Thursday, February 26, 2009

God Works in Mysterious Ways

I got this from a friend, and I just had to pass it on.

For those of you who do not know Beth Moore, she is an outstanding Bible teacher, writer of Bible studies, and is a married mother of two daughters.

This is one of her experiences:

April 20, 2005, at the Airport in Knoxville , waiting to board the plane, I had the Bible on my lap and was very intent upon what I was doing. I'd had a marvelous morning with the Lord. I say this because I want to tell you it is a scary thing to have the Spirit of God really working in you.

You could end up doing some things you never would have done otherwise. Life in the Spirit can be dangerous for a thousand reasons, not the least of which is your ego.

I tried to keep from staring, but he was such a strange sight. Humped over in a wheelchair, he was skin and bones, dressed in clothes that obviously fit when he was at least twenty pounds heavier. His knees protruded from his trousers, and his shoulders looked like the coat hanger was still in his shirt. His hands looked like tangled masses of veins and bones.

The strangest part of him was his hair and nails. Stringy, gray hair hung well over his shoulders and down part of his back. His fingernails were long, clean but strangely out of place on an old man. I looked down at my Bible as fast as I could, discomfort burning my face. As I tried to imagine what his story might have been, I found myself wondering if I'd just had a Howard Hughes sighting. Then, I remembered that he was dead. So this man in the airport... an impersonator maybe? Was a camera on us somewhere? There I sat; trying to concentrate on the Word to keep from being concerned about a thin slice of humanity served up on a wheelchair only a few seats from me. All the while, my heart was growing more and more overwhelmed with a feeling for him.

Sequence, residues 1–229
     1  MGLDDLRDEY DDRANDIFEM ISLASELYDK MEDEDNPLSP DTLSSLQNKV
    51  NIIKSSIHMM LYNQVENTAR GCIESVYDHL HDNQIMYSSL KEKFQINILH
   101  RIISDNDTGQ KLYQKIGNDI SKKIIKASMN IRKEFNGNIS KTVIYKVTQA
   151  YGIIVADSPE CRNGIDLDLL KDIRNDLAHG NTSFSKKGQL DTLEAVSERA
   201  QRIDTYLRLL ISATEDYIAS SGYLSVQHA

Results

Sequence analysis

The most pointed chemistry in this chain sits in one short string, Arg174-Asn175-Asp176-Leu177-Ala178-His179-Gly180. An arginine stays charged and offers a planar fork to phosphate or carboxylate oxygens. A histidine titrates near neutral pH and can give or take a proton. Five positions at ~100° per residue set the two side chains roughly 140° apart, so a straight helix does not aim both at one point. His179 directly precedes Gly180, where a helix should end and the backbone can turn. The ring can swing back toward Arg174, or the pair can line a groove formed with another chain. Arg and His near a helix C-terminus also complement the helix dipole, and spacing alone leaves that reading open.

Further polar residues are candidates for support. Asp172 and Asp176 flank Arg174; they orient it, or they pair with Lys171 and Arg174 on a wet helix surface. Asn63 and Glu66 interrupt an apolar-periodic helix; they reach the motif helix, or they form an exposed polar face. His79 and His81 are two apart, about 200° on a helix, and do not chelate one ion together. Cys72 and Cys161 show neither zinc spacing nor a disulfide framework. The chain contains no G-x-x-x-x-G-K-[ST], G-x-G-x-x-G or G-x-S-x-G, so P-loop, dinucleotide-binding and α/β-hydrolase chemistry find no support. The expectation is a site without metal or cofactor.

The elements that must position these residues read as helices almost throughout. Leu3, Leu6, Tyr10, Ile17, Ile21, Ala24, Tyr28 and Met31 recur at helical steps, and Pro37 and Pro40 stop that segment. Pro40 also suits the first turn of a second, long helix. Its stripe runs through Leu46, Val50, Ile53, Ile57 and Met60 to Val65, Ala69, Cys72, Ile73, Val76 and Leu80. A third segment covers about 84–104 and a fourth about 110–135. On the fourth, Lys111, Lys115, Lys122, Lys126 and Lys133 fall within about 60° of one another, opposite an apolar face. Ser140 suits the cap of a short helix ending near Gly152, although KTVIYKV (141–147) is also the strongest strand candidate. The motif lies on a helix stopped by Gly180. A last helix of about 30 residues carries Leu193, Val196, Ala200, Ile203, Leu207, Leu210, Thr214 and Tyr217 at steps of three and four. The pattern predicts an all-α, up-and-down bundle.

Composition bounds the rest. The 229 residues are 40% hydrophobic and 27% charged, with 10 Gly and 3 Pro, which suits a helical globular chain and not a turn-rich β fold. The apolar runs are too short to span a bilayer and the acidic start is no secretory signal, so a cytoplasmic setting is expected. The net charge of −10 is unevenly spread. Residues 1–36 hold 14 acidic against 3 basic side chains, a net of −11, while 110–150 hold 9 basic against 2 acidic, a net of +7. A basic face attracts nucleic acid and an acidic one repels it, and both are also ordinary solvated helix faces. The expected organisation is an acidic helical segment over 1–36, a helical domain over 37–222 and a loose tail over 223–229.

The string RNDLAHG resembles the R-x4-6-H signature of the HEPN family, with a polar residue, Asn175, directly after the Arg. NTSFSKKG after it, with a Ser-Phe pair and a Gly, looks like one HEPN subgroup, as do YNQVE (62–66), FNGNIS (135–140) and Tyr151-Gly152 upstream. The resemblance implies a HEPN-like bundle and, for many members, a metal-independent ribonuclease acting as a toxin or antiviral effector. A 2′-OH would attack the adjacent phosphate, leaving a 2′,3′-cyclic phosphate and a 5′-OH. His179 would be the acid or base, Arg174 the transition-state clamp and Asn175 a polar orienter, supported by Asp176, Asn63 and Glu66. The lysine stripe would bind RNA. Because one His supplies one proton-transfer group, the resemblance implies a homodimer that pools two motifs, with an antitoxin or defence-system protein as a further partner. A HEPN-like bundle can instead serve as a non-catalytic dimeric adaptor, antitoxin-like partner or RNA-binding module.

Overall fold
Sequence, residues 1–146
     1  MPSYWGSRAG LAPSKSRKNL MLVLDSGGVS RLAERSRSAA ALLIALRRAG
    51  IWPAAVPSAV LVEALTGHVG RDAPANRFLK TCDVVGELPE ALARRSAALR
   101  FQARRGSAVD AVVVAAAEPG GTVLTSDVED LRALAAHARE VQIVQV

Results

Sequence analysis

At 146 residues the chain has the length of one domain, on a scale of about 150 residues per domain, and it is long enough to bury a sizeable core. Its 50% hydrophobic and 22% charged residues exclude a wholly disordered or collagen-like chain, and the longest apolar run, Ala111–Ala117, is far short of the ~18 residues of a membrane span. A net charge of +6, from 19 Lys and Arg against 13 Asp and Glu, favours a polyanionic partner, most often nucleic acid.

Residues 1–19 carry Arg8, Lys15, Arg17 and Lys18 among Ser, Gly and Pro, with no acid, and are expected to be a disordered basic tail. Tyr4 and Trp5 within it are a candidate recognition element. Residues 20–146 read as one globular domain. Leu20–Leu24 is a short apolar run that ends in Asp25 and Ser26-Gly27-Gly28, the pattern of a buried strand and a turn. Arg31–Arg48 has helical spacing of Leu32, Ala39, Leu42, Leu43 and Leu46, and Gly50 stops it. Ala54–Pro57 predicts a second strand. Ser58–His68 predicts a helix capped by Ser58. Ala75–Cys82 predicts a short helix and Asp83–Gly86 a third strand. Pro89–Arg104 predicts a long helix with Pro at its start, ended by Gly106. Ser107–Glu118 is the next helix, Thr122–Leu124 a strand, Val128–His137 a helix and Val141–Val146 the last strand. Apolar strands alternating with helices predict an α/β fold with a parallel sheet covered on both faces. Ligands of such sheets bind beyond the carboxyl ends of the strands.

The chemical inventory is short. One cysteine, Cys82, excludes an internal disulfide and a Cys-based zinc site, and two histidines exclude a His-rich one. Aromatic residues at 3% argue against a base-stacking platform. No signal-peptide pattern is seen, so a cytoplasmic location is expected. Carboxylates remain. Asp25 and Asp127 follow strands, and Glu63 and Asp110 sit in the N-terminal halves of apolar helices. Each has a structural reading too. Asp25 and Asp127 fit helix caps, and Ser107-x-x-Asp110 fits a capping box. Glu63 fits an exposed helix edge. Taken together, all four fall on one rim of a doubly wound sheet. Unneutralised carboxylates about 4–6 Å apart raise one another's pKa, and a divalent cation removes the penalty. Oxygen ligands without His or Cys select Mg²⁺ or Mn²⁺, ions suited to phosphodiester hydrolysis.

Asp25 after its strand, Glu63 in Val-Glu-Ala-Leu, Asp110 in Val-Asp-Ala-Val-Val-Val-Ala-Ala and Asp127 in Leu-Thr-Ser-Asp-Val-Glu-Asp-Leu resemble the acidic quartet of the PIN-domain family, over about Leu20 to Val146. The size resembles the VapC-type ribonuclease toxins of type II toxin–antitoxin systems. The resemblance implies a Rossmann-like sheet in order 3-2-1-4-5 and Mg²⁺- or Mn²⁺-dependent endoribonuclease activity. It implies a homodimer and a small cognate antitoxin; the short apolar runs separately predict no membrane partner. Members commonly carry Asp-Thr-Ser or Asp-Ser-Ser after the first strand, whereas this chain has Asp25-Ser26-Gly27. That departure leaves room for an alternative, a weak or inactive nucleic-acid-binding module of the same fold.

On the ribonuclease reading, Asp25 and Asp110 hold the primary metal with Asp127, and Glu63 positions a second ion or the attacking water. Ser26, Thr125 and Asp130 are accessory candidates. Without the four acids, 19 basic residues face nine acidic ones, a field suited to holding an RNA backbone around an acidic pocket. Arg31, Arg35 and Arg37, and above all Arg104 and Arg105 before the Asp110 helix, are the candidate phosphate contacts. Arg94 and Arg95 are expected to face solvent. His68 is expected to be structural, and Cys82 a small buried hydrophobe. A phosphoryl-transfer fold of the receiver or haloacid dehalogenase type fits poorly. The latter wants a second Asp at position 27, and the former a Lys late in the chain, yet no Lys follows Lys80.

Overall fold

Let's admit it. Curiosity is a heap more comfortable than true concern, and suddenly I was awash with aching emotion for this bizarre-looking old man. I had walked with God long enough to see the handwriting on the wall. I've learned that when I begin to feel what God feels, something so contrary to my natural feelings, something dramatic is bound to happen. And it may be embarrassing.

I immediately began to resist because I could feel God working on my spirit and I started arguing with God in my mind. 'Oh, no, God, please, no.' I looked up at the ceiling as if I could stare straight through it into heaven and said, 'Don't make me witness to this man. Not right here and now. Please. I'll do anything. Put me on the same plane, but don't make me get up here and witness to this man in front of this gawking audience. Please, Lord!

'There I sat in the blue vinyl chair begging His Highness, 'Please don't make me witness to this man. Not now. I'll do it on the plane.' Then I heard it....'I don't want you to witness to him. I want you to brush his hair.' The words were so clear, my heart leapt into my throat, and my thoughts spun like a top. Do I witness to the man or brush his hair? No-brainer. I looked straight back up at the ceiling and said, 'God, as I live and breathe, I want you to know I am ready to witness to this man. I'm on this Lord. I'm your girl! You've never seen a woman witness to a man faster in your life. What difference does it make if his hair is a mess if he is not redeemed? I am going to witness to this man.'